Health Status in Early Modern Somali People from their Skeletal Remains
International Journal of Archaeology
Volume 2, Issue 3, November 2014, Pages: 12-16
Received: Nov. 17, 2014;
Accepted: Dec. 3, 2014;
Published: Dec. 15, 2014
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Hisashi Fujita, Department of Bioanthropology, Niigata College of Nursing, Joetsu, 943-0147, Japan
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This study discusses the paleohealth of Somali men who lived between the end of the 19th century and the early 20th century and whose skeletal remains are stored at the University of Cambridge. These materials were divided into an early middle age group and a late middle age group based on the degree of cranial suture closure. Physical anthropological methods were used to examine their caries, periodontal disease antemortem tooth loss (AMTL), dental attrition level, alveolar bone loss, enamel hypoplasia, cribra orbitalia, and cranial porotic hyperostosis. There were limitations, such as the small number of individuals examined, all the individuals were men, and the postcranial skeletons were not examinable. This study observed the following findings regarding the paleohealth of Somalis from the end of the 19th century to the early 20th century: (1) the caries rate was low, (2) there was onset of periodontal disease and it progressed with aging, (3) the number of missing teeth was low, (4) the dental attrition level was lower than the level in Nigerians, and (5) there was minimal change in stress markers with aging, and only a small number of individuals exhibited severe stress markers. The results led to the speculation that the nutritional status was generally poor in Somali individuals examined in this study and that the mortality rates were high in newborns, infants, and young children, which resulted in deaths in individuals with severe stress markers before adulthood.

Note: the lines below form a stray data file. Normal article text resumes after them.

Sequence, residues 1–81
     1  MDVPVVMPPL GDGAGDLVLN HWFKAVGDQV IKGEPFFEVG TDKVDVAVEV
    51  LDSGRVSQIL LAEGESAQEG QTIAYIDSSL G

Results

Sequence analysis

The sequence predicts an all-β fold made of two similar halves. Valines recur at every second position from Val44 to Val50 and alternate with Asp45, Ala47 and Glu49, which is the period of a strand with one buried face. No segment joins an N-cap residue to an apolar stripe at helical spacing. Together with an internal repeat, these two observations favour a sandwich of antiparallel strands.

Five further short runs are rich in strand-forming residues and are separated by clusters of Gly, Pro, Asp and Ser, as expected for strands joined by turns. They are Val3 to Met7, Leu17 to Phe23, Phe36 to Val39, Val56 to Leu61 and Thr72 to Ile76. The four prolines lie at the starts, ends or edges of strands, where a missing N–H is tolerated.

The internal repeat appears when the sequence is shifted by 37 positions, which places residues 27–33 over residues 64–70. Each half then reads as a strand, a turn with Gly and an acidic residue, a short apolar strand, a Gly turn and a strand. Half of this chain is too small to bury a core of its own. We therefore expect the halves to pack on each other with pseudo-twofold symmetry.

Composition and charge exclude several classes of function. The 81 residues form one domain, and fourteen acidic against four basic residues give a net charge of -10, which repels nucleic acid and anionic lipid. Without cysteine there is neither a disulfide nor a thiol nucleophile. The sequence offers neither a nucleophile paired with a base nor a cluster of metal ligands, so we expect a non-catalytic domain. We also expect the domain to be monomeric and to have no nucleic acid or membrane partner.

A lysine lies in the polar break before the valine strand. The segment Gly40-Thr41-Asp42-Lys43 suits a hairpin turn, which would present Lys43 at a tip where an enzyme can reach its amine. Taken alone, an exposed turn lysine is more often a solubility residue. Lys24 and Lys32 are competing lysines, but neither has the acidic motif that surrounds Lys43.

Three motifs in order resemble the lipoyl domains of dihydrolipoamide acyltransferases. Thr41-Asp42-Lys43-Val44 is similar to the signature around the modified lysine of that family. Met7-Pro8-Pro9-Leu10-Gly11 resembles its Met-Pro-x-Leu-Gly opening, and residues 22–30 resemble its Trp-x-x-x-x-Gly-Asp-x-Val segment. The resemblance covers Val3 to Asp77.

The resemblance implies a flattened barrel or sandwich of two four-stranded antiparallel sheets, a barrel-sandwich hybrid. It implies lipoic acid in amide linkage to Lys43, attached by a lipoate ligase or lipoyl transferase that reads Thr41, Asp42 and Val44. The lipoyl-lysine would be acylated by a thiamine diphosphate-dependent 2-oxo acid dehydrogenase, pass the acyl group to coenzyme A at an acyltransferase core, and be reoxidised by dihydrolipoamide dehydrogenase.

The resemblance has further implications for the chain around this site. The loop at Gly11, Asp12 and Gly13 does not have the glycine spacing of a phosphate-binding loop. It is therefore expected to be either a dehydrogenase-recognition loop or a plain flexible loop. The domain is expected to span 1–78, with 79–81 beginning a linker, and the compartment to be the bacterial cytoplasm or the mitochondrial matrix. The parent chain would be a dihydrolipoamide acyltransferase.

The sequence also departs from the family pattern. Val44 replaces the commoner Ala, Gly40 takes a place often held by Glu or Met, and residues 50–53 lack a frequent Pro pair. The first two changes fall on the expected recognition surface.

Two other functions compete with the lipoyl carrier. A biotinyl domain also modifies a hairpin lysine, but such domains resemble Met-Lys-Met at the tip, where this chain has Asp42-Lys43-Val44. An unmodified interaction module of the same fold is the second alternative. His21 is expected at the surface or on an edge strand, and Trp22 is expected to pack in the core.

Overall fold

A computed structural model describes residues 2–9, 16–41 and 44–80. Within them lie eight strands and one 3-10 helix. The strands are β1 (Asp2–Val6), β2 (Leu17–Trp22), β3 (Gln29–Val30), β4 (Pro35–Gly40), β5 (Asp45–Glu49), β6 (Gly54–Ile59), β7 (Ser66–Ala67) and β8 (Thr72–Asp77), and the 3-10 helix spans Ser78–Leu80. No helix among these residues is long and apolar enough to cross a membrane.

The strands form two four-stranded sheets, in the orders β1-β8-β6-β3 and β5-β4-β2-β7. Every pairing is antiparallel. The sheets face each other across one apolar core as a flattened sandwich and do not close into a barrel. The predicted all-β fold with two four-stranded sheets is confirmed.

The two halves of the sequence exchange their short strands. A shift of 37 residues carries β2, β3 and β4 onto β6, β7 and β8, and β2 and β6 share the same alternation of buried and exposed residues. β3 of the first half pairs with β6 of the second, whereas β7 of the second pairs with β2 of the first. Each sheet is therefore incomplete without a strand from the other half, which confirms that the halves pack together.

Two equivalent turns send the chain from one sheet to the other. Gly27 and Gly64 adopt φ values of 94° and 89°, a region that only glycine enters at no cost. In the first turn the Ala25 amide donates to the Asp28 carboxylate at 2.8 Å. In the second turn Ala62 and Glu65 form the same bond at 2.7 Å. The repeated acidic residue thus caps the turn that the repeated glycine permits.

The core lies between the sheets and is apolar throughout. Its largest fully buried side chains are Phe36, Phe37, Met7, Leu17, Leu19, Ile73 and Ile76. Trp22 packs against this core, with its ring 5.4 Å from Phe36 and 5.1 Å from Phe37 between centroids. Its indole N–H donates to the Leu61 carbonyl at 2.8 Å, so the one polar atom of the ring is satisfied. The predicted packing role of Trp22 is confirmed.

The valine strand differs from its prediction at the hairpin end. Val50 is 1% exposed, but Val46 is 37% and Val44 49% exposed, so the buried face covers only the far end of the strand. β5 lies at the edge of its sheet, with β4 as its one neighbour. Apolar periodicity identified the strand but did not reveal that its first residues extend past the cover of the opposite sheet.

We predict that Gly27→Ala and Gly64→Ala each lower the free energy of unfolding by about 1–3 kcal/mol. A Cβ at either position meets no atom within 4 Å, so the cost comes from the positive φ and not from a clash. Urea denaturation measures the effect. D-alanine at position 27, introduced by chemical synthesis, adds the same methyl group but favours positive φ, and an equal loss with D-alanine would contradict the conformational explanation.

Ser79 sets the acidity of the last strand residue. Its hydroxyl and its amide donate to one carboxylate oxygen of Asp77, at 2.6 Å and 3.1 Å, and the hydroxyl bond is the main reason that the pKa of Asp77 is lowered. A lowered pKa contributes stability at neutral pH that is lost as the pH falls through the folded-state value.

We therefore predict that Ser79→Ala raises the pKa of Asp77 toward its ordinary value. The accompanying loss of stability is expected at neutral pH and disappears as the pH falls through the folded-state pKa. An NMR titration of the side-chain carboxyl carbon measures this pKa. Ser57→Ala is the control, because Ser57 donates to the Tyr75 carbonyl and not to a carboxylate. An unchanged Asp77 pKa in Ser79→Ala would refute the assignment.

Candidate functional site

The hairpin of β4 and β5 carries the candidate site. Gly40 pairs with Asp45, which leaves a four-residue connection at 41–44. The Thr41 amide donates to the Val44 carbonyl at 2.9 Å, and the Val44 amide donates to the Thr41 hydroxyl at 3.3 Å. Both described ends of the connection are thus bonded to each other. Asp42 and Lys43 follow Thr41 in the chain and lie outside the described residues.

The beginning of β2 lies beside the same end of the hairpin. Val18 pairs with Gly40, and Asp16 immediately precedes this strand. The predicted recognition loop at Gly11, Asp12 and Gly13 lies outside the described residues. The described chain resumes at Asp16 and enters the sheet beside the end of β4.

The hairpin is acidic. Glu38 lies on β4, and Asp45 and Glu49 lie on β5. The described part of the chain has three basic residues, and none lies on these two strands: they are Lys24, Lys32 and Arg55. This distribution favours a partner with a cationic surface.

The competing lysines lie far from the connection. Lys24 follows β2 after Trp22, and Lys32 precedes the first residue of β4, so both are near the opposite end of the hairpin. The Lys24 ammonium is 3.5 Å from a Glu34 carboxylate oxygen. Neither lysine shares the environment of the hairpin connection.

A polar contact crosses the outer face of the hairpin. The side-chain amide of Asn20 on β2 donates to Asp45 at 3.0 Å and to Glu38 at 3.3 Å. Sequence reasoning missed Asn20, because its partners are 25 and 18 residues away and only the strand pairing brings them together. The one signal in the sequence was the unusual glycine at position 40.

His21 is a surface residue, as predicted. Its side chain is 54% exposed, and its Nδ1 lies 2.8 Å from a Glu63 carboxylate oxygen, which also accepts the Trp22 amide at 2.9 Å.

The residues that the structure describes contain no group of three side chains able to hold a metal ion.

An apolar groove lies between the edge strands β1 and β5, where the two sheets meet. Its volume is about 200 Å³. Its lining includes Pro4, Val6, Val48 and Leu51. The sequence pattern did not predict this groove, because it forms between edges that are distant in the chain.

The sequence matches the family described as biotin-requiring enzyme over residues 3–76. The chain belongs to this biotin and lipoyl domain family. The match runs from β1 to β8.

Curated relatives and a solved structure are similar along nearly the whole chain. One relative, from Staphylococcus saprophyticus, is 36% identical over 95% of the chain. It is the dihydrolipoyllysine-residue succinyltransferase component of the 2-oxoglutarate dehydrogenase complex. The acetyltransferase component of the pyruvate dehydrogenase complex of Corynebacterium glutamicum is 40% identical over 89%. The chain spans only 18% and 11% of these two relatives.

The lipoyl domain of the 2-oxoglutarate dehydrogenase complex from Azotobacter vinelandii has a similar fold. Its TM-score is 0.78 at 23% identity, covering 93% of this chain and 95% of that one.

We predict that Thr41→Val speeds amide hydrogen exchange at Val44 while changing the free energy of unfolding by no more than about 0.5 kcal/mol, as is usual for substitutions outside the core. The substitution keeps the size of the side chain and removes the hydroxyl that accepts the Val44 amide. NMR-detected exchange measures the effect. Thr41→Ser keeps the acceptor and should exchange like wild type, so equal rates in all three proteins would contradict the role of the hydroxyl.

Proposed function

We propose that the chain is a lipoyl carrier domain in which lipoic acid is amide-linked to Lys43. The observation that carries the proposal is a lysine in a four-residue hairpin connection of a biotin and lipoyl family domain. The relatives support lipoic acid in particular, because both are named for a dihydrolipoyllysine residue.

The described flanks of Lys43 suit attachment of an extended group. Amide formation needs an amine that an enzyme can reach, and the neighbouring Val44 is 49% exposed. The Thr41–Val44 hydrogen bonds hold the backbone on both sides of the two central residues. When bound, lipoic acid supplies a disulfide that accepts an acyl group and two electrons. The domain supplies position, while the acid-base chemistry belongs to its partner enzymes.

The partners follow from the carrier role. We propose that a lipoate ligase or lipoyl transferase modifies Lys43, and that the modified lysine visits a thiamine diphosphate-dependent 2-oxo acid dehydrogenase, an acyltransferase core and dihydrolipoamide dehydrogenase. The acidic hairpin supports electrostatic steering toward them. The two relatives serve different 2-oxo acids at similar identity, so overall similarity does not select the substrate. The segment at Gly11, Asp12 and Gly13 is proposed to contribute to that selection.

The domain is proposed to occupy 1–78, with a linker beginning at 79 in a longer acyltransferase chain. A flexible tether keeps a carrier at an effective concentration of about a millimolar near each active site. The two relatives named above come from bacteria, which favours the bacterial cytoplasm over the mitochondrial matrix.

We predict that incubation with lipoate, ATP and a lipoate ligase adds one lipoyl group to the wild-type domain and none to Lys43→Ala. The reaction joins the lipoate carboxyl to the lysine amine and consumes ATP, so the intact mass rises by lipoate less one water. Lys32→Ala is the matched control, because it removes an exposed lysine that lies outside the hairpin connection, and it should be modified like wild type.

Dental Diseases, Aging, Stress Markers, Somali, Human Skeletal Remains, Paleoepidemiology
To cite this article
Health Status in Early Modern Somali People from their Skeletal Remains, International Journal of Archaeology.
Vol. 2, No. 3,
2014, pp. 12-16.
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